Political prisoners

70s05. Kitson Committee march

70s05. Kitson Committee march

In the early 1970s the Ruskin College Kitson Committee organised an annual march from Oxford to London over the Whitsun holiday. The group campaigned for the release of political prisoner David Kitson, a member of the trade union DATA, who was serving a 20-year sentence in South Africa. This leaflet publicising the march was printed just before the cancellation of the 1970 Springbok cricket tour.

pic7003. March for David Kitson, May 1970

In the early 1970s the Ruskin College Kitson Committee organised an annual march from Oxford to London over the Whitsun holiday. The group campaigned for the release of political prisoner and former trade unionist David Kitson, serving a 20-year sentence in South Africa. The 1970 march ended in a rally in Trafalgar Square at which trade union leaders asked workers to refuse to work on arms for South Africa. The photo shows the marchers setting off from High Street, Oxford. 

pic7004. South Africa House occupation, August 1970

On 25 August 1970 anti-apartheid activists infiltrated the South African Embassy in London and sat in its entrance hall until they were ejected by embassy officials. They were protesting at the trial in Pretoria of 20 South Africans on charges of belonging to the ANC. The 20 included Winnie Mandela and Benjamin Ramotse, who was later sentenced to 15 years imprisonment.

po014. ‘Apartheid is enough to turn any civilized human being into a political prisoner’

In February 1971 the AAM set up a special committee to campaign for political prisoners and detainees. It called on the South African government to include political prisoners in the amnesty announced to mark the tenth anniversary of the republic. This poster was produced for the campaign. The prisoners shown include Nelson Mandela, Bram Fischer and Dorothy Nyembe.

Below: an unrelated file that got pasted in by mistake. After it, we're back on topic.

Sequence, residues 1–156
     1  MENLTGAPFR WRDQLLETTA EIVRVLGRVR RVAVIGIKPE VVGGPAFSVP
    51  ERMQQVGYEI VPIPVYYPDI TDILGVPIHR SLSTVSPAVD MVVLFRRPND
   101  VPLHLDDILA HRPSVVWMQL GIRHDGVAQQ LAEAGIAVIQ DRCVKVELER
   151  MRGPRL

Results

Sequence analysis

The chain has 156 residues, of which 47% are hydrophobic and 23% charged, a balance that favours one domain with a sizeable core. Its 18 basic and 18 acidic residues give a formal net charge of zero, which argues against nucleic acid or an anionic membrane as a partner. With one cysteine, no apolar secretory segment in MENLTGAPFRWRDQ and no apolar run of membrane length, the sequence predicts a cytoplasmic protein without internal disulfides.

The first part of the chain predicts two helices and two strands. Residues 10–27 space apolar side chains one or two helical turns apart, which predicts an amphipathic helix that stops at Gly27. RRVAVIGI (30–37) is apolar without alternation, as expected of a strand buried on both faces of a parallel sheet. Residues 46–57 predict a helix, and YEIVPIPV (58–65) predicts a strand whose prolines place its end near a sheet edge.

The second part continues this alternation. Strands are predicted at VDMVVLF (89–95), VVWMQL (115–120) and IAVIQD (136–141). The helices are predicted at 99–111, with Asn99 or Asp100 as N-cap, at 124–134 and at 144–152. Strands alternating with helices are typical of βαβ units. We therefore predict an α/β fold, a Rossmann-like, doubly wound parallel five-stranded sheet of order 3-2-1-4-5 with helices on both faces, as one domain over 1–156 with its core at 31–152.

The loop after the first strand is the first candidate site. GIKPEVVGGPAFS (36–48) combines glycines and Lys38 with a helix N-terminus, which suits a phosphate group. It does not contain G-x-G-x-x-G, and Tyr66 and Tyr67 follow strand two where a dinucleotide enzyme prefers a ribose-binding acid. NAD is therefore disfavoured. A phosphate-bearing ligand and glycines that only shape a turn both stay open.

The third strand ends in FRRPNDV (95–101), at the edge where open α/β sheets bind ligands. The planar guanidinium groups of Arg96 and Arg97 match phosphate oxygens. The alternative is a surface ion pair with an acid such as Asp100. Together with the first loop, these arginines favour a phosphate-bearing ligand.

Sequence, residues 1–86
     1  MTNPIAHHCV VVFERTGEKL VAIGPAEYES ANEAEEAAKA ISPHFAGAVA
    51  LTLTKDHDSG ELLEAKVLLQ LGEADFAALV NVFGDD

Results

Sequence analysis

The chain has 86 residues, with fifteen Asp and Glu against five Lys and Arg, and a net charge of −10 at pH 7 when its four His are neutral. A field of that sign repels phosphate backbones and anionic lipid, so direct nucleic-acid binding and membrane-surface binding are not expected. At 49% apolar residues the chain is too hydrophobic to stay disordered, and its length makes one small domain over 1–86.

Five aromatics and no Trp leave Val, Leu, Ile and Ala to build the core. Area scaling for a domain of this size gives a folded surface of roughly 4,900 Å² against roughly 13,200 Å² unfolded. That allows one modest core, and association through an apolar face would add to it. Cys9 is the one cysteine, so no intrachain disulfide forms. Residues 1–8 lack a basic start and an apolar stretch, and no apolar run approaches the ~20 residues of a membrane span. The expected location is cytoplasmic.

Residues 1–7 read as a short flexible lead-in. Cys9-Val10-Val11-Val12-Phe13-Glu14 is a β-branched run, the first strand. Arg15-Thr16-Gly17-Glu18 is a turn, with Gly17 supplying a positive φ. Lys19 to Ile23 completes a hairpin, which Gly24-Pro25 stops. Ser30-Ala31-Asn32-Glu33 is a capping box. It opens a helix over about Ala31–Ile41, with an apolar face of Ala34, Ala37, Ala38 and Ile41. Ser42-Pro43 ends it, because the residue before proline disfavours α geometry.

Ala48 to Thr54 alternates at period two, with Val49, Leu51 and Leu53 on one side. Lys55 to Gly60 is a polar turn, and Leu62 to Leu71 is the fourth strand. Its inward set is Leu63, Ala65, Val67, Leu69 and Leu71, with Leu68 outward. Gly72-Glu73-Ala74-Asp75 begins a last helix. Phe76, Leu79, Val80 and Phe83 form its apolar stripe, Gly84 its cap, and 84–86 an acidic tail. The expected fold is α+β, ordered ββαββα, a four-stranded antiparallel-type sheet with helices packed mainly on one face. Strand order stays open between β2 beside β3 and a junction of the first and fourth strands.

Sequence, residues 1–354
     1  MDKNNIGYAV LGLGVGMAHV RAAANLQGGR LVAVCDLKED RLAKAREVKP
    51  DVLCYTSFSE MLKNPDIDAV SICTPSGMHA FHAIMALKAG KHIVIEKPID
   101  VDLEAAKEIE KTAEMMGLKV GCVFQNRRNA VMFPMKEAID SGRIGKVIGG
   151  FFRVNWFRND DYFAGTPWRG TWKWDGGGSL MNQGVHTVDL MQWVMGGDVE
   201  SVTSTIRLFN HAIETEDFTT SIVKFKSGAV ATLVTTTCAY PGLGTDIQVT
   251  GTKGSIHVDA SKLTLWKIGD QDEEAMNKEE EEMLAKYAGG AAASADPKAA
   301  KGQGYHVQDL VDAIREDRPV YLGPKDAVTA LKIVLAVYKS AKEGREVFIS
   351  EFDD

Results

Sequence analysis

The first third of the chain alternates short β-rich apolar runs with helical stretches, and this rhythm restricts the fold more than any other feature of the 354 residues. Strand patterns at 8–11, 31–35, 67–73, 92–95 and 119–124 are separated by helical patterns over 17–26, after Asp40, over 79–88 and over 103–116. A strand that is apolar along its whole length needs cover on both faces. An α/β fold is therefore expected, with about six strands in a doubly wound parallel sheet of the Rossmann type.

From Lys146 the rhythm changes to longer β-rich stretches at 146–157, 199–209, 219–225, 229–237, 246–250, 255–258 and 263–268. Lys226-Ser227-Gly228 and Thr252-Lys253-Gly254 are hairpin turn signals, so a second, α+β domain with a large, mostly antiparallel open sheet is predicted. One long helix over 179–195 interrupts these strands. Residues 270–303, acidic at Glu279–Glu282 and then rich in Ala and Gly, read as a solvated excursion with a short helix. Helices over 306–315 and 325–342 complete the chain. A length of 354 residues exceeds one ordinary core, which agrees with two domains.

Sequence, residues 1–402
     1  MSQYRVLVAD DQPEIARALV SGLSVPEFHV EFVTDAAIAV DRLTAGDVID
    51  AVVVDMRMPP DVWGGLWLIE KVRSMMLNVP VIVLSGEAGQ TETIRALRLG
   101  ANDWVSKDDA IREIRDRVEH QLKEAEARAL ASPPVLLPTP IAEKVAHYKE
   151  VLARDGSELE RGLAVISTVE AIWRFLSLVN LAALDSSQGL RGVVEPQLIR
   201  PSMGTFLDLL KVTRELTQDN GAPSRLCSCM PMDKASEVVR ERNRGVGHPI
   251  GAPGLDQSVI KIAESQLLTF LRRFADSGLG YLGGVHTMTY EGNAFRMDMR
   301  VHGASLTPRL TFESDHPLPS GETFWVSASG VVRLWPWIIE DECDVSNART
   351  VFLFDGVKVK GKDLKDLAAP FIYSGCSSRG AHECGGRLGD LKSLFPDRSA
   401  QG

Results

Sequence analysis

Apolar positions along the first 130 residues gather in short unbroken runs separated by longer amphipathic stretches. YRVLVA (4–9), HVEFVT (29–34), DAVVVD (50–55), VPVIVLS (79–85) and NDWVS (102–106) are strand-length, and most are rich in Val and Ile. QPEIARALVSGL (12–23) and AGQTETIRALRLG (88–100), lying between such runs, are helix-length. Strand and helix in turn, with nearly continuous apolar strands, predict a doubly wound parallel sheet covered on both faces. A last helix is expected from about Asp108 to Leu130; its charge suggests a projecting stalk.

apd25. South Africa: The Terrorism of Torture

Pamphlet documenting the use of torture in South Africa in the 1960s and 1970s. The pamphlet shows how the apartheid legal system was used as window-dressing for a totalitarian regime and covers key trials in the early 1970s, including that of Winnie Mandela. It was published by the International Defence and Aid Fund (IDAF) and distributed by the Anti-Apartheid Movement.

pri16. Vigil for political prisoners

pri16. Vigil for political prisoners

Leaflet publicising a 24-hour vigil held on 1–2 August 1971 to protest against the trials of Rev Gonville ffrench-Beytagh, Anglican Dean of Johannesburg and of 14 members of the South African Unity Movement. All the accused told the court they had been tortured. Thirteen of the Unity Movement members were found guilty of offences under the Terrorism Act and sentenced to prison terms on Robben Island. At the same time, the Dean of Johannesburg was charged with helping the families of political prisoners. He was sentenced to five years imprisonment, but released on appeal.

pic7108. Vigil for political prisoners, 1971

The AAM held a 24-hour vigil outside South Africa House on 1–2 August 1971 to protest against the trials of Rev Gonville ffrench-Beytagh, Anglican Dean of Johannesburg, and 14 members of the South African Unity Movement. All the accused told the court they had been tortured. Thirteen of the Unity Movement members were found guilty of offences under the Terrorism Act and sentenced to prison terms on Robben Island. At the same time, the Dean of Johannesburg was charged under the Terrorism Act with helping the families of political prisoners. He was sentenced to five years imprisonment, but later released on appeal. In the photo is Canon John Collins, first Chairman of the Defence and Aid Fund for Southern Africa.

pic7107. Protest at the death of Ahmed Timol

This protester was one of a group of around 30 people who infiltrated the South African Embassy in London to protest against the death of Ahmed Timol. Timol was killed in detention by South African security police on 27 October 1971. His death provoked widespread protests in Britain. He was a former teacher and British teaching unions joined the protests. Ahmed Timol was the 20th political detainee known to have died in police custody.